A year of turbulence, caution, and weariness is about how I would describe 2020 so far and its only June! If you are not dealing with employees coming or going related to COVID-19, your hearing unrest due to violence in the news about a murder causing racial riots, burning buildings and social media opinions running ramped. There is so much out there going on it is difficult to keep your employees engaged, focused on performing their job and safe in today’s environment. However, all those things are still our top concerns as managers and human resources professionals. This year has seemed to bring safety to the top of that list almost daily. So instead of talking about safety related to COVID specifically this month, I’d like to focus on a topic that is in large part a major concern for business in one of our bigger cities in America as I write this article and has the potential to spread as it has done before. That is the topic of Violence. Preventing Violence in the Workplace or at least managing it if something does break out in your workplace. I know I have personally experienced threatening violence involving guns and actual fist fights in the workplaces I have been in before, so it does happy in smaller towns too.
According to the Bureau of Labor Statistics Census of Fatal Occupational Injuries (CFOI), of the 5,147 fatal workplace injuries that occurred in the US in 2017, 458 were cases of intentional injury by another person. About two million people each year report some type of workplace violence. It is estimated that 25% of cases goes unreported. The people the employer serves is the greatest threat. This cost employers 130 billion dollars a year. That is why we can never let our guard down. I have visited many county courthouses who have security and bag check but others who do not. This is one example of a corrective measure that is obvious. However, there are others that are not so obvious.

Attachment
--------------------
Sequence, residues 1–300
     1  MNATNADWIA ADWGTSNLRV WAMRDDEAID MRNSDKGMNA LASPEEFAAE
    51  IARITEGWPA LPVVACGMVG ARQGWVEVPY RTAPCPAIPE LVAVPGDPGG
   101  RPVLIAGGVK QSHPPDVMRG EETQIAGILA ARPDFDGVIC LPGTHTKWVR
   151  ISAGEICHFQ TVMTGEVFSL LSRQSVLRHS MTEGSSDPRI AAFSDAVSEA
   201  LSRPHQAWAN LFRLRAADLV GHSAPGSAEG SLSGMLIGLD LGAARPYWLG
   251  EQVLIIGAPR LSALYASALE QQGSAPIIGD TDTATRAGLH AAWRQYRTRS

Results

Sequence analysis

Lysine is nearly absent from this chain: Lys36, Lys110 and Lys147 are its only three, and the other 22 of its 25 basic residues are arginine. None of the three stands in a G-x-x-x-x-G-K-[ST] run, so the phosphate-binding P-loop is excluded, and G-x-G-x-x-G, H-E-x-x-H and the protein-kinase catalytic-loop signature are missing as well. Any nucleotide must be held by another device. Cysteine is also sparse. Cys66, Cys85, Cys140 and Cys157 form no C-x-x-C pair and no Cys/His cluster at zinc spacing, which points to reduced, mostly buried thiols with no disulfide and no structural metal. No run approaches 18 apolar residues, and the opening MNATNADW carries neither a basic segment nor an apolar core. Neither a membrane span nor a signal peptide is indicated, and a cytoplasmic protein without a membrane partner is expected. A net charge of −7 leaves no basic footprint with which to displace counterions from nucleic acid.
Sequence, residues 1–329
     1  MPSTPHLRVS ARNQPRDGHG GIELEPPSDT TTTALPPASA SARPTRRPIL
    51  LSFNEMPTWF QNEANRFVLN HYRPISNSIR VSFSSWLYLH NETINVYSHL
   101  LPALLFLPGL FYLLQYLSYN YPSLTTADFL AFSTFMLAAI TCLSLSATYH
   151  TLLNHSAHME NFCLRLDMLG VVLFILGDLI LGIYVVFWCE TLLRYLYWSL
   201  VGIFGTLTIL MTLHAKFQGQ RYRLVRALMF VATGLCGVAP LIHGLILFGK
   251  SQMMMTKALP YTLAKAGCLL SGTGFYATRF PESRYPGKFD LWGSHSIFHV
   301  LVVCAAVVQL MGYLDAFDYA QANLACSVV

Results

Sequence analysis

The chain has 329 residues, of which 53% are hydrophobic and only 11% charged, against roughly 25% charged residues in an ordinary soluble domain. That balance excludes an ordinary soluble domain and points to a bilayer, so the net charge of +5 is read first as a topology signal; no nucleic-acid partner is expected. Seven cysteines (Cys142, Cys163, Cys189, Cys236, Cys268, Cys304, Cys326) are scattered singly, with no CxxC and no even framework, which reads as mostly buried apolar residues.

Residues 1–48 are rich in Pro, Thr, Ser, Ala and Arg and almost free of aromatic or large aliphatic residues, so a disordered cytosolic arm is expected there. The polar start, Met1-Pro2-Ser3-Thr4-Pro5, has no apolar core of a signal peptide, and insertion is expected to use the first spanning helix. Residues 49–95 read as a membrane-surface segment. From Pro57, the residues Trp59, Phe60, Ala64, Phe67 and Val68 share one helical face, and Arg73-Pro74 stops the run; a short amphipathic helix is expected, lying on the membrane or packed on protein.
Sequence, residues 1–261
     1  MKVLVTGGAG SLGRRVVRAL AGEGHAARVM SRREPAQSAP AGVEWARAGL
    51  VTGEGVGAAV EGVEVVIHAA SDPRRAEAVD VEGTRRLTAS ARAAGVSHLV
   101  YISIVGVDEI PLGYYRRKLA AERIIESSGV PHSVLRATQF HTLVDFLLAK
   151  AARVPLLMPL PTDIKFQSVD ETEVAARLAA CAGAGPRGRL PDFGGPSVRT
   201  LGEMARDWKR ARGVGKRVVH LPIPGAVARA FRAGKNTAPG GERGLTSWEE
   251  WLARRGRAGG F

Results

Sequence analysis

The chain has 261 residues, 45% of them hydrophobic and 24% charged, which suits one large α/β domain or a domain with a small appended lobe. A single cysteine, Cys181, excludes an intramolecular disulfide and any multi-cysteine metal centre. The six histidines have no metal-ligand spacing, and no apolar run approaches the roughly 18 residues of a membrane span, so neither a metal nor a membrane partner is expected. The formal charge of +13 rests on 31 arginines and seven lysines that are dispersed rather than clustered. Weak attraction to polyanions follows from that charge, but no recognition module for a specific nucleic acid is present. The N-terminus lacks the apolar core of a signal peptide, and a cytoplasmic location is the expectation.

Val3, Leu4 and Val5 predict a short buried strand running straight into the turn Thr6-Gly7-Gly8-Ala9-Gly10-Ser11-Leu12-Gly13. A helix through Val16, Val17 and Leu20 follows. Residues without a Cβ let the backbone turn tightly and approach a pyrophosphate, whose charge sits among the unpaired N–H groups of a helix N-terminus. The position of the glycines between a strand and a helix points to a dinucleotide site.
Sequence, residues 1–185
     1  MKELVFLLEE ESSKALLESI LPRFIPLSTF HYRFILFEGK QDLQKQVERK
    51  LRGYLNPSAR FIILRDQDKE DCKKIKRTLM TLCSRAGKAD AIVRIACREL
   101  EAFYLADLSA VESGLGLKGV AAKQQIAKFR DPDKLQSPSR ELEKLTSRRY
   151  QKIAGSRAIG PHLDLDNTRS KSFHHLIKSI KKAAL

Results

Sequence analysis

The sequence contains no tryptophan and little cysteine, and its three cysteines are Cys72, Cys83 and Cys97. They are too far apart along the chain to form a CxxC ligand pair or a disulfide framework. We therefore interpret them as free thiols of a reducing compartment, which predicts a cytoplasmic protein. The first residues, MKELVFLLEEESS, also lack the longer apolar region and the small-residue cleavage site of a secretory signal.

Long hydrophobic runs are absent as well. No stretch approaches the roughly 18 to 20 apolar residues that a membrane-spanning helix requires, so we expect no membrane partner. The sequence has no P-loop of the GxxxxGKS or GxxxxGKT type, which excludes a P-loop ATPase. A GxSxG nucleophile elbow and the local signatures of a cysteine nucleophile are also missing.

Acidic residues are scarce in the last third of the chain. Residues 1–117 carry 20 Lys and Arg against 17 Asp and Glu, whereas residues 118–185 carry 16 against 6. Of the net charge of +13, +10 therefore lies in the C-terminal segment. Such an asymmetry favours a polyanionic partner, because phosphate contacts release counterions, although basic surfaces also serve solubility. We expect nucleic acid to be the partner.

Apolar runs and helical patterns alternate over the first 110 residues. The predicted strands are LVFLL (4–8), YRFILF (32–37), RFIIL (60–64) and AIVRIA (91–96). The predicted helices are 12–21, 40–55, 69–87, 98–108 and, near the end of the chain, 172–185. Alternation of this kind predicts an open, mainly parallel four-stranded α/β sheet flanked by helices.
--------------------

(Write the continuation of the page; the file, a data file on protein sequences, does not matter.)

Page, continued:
I know with COVID, many employers are heeding CDC advice and taking safety measures to keep employees and patrons safe by cleaning, putting up sneeze guards to keep everyone safe. Additional, corrective prevention measures could include the following:
- Establishment of a clear workplace violence policy
- Clear communication regarding protections for whistleblowers
- Encouragement for employees to report incidents of bullying, harassment, threats, & violence
- Develop, Implement, Communicate & Maintain Accountability for a Security program in the Workplace
- Train all employees on the proper security and safety responsibilities regarding this plan
- Affirm & hold management just as accountable to all the above as every other employee. Management above all should walk the talk for any new initiative to work.
OSHA did come out and say that all known COVID-19 cases that occur because of contracting the virus at work is a recordable incident on the Form 300. The Safety Coordinator who typically handles these forms can establish a safety committee who can assist with a violence in the workplace strategy as outlined above since all these responsibilities relate to each other. That safety committee can conduct a workplace analysis and keep records to determine where the biggest areas of concern are and creatively come up with ways to counter the problems. Getting employees involved at all levels is another key to getting total buy in to a program like this.
So whether its an employee or a resident getting worked up about the riots, how the employer is handling COVID, or they are just having a bad day, you should have a plan to deal with it safely!
There are many motto’s the organization can adopt. For example: See Something Say Something (4s) or Run, Hide, Fight, but do something!